The prophets of doom are circling above the b-school landscape, some gleefully predicting the end of their amazing 40 year run of popularity and influence, and others more solemnly anxious about what their future may be. While their specific concerns may vary, the prophets all see significant disruption in the world of higher education in general and the world of business education in particular. And they are right.

Both worlds, tightly connected, are facing massive change in their traditionally insulated – and some would argue insular – production systems and business models, and it is not clear to what extent – and even whether – many of the incumbents will be able to adapt successfully.

While every business school claims to be on the cutting edge of innovation, the truth is that change has so far operated at the periphery and has hardly touched the core of the business model. Across the globe, business schools continue to add physical facilities, research faculty, IT Infrastructure, and to invest in branding and marketing, all this in the hope to defend or improve their position in the rankings.

Inertia instead of innovation

Business schools have responded, in chorus, to disruptive trends with ‘more of the same’ strategies. The decline in the number of candidates to the GMAT, the closure of some full-time MBA programmes, the struggles of schools like Thunderbird, and the defensive mergers of others have not distracted the great majority of business schools from the pursuit of business as usual.

Why are business schools having such difficulty adapting to the new realities they are facing? A very commonly accepted answer blames inertia on the professoriate, and sees professors as both fiercely protective of tenure and its privileges and reluctant themselves – both individually and collectively – to make any significant change in what and how they teach and in what and how they choose to research.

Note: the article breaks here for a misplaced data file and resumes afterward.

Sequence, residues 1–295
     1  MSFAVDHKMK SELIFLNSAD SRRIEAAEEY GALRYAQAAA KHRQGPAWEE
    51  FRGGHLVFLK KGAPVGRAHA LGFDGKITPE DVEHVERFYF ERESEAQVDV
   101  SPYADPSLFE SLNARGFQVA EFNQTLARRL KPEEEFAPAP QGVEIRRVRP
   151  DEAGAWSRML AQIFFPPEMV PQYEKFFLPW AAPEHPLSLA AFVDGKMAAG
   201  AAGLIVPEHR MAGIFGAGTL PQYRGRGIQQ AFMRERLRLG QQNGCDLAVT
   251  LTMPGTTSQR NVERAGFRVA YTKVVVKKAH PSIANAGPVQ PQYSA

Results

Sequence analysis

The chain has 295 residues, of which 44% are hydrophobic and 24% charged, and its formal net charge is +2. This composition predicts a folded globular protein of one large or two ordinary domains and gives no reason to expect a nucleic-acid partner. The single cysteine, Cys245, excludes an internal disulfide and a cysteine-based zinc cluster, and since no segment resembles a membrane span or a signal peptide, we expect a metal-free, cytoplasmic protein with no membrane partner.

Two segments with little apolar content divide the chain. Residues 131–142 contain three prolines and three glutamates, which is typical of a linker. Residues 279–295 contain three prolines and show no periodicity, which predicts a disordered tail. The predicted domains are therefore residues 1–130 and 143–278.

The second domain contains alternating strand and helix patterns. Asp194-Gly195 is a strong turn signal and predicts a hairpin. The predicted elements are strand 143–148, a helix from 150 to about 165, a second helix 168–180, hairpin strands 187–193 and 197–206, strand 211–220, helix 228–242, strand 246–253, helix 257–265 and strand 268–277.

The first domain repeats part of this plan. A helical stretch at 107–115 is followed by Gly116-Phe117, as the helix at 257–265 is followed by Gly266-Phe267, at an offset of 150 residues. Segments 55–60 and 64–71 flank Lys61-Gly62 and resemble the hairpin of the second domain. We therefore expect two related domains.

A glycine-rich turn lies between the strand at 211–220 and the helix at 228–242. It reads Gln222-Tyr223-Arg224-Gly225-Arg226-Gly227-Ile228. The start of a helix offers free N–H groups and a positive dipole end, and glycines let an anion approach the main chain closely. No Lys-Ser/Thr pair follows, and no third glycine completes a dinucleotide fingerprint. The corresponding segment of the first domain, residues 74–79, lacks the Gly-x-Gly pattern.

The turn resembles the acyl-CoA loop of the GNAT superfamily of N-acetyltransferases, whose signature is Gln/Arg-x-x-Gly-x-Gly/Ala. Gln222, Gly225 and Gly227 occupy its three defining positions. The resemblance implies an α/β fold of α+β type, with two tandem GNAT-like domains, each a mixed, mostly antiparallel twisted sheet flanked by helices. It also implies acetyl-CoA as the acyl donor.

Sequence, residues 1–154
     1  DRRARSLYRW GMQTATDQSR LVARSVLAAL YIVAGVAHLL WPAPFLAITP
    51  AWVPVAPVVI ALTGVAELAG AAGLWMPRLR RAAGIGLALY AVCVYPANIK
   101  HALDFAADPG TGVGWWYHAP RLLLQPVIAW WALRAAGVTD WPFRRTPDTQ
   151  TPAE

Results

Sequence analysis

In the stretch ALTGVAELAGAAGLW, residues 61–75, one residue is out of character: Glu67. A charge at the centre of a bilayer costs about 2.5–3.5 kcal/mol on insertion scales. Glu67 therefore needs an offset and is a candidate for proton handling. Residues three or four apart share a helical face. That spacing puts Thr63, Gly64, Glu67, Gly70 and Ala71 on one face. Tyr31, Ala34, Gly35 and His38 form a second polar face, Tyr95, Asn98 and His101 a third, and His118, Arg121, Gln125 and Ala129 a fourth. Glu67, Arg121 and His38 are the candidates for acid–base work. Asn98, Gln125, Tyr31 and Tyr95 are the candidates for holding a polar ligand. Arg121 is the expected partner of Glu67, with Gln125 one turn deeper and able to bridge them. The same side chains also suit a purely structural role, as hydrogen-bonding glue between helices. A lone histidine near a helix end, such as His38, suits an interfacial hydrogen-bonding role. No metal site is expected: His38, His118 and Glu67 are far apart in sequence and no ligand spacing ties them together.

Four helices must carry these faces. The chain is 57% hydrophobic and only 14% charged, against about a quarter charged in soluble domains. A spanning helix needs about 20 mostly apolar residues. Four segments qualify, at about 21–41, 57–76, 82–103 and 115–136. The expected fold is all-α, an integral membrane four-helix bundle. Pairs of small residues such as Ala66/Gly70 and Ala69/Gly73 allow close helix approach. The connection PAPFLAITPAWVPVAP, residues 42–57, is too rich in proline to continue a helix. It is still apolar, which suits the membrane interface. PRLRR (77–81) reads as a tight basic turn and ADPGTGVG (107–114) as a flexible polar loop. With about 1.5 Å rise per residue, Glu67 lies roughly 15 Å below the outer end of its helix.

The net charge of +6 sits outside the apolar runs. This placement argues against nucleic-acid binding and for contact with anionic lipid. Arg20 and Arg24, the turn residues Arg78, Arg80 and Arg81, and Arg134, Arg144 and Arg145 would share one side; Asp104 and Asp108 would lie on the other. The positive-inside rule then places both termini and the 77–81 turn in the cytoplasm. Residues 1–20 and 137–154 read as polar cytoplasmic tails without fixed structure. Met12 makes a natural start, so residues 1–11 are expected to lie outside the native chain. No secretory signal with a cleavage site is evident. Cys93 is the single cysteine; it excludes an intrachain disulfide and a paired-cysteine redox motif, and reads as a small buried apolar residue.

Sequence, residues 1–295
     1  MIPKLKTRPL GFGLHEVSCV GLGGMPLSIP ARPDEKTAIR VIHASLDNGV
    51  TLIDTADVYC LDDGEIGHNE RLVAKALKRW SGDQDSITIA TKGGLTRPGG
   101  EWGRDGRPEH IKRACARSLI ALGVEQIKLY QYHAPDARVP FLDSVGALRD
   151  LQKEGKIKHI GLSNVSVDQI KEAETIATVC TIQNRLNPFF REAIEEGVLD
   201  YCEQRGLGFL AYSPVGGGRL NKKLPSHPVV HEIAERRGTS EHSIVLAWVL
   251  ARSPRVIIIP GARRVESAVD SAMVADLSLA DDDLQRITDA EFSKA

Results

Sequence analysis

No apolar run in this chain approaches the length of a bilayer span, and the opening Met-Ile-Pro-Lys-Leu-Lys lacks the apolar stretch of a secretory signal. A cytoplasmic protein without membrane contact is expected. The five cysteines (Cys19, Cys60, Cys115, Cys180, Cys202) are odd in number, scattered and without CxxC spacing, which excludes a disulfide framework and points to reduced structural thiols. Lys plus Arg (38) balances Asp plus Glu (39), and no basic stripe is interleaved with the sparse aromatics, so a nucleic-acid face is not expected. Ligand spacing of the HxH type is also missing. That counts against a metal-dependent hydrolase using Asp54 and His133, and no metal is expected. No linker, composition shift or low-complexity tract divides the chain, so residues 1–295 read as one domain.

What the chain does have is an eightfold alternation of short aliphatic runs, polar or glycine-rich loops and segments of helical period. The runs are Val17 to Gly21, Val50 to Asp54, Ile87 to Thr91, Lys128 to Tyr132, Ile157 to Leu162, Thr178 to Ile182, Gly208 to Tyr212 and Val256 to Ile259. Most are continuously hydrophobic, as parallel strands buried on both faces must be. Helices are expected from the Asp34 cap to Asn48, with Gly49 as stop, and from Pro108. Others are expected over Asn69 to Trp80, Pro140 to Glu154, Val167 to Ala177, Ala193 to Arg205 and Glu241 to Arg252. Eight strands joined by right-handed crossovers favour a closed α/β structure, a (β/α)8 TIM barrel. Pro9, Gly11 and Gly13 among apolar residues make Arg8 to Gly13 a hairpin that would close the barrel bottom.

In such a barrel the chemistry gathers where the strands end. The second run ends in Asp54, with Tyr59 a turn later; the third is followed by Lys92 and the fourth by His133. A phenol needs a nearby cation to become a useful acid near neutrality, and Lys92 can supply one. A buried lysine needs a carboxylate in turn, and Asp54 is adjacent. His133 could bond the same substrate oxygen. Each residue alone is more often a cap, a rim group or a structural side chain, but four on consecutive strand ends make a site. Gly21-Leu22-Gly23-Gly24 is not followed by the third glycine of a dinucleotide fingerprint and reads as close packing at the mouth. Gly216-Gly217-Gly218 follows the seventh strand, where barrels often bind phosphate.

One of the boldest, but by no means only, advocates of this perspective is Peter Lorange who wrote an article in this column in November of 2008 titled “Faculty jobs for life must go”. Others, like Wharton colleagues Christian Terwiesch and Karl Ulrich, authors of another article in this column titled “Business Schools must decide response to the digital revolution” in November 2014, see the development and spread of Moocs as heralding the downfall of education as we have known it and threatening the survival of incumbent players.

Complex ecosystem poses problems

We have a different view. Sure, recalcitrant professors are part of the problem, and sure, new technologies enabling radically different approaches to teaching are part of the solution, but the inertial forces are more numerous and in many ways more deeply rooted than professors. They include companies that hire graduates, alumni that contribute large sums to their alma maters, ranking producers who influence how prospective candidates compare schools, and accreditation agencies that award or withhold their stamps of approval on schools. All these stakeholders, not only the professors, benefit, in different ways, from the status quo.

Any serious reflection about change in business schools must acknowledge that they are embedded in a large, complex ecosystem where forces of inertia have, so far, outweighed forces of deep change. To break from the pack, to stop running in place, exposes bold innovators to the risk of losing legitimacy and revenue. Breaking from the pack requires vision, courage and a huge appetite for risk, a troika that is extremely rare.